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Fingers on brake and clutch levers

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Ok so I've been riding for years without doing this but I've been trying to keep two fingers on each lever. It just feels weird. I was gonna adjust the positioning of the levers. Anyone got any advice how to position them so it's more comfortable. I'm trying to ride the right way but I'm having a real hard time

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First, the bars (grip area)  should be level with the ground. The bars not titled forward or backward.
Sit on the bike. Drape/lay your hands on the bars. The levers should sit just below (like 1/4") your fingers.

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I always keep a finger on the clutch and sometimes brake, just helps you be ready if you have to make a quick decision or something, might feel weird at first but eventually you'll get used to it. I like to have my clutch lever a little bit down, makes it feel more natural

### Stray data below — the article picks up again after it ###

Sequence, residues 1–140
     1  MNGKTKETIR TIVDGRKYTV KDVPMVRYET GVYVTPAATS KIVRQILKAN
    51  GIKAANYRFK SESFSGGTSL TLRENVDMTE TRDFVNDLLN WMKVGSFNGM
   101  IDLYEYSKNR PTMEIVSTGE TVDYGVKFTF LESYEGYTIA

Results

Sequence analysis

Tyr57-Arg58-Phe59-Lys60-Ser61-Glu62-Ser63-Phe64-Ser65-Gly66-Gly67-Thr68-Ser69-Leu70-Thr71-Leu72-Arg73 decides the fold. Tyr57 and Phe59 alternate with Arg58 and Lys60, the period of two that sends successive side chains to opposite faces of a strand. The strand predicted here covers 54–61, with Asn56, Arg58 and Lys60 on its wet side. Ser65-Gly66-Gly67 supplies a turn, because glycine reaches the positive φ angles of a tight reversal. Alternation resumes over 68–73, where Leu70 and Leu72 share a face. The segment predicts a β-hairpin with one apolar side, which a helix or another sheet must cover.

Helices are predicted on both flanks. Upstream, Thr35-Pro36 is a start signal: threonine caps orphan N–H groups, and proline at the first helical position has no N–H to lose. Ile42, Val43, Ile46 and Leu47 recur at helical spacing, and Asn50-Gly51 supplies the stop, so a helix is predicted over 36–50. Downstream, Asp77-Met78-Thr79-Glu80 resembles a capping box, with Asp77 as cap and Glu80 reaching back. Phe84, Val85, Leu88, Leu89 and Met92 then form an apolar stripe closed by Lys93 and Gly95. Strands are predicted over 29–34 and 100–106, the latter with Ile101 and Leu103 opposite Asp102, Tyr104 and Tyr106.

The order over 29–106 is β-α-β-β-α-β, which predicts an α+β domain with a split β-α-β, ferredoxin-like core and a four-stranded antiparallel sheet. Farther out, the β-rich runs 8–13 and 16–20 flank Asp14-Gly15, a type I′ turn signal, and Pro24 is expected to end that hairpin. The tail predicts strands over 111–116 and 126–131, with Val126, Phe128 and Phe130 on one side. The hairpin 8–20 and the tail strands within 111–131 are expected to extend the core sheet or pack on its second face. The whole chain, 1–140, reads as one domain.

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I used to be in that bad habit of keeping fingers on the levers, I broke myself of it.  If you don't keep fingers on the levers you will find you are much more relaxed and able to concentrate on just riding.  Try it, you will be amazed at how much more relaxed you feel and how much more flowing your riding will be. ;)

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Like the first time you wore boots, awkward. But you will get used to it very quickly. One finger is better than two.

 

And no fingers is better than one. ;)

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I only keep fingers on the levers in tricky technical downhills and usually just 1 finger on the front brake. Never felt the need to keep fingers on levers if I'm not actively using them.

Used to use two but on wet, rocky downhill trails where I'm bouncing off one rock to the next I feel more in control with 4 fingers on the grip. One finger is more than enough to operate my front break in those situations where my bars are moving all over and I'm using near constant, light front break pressure.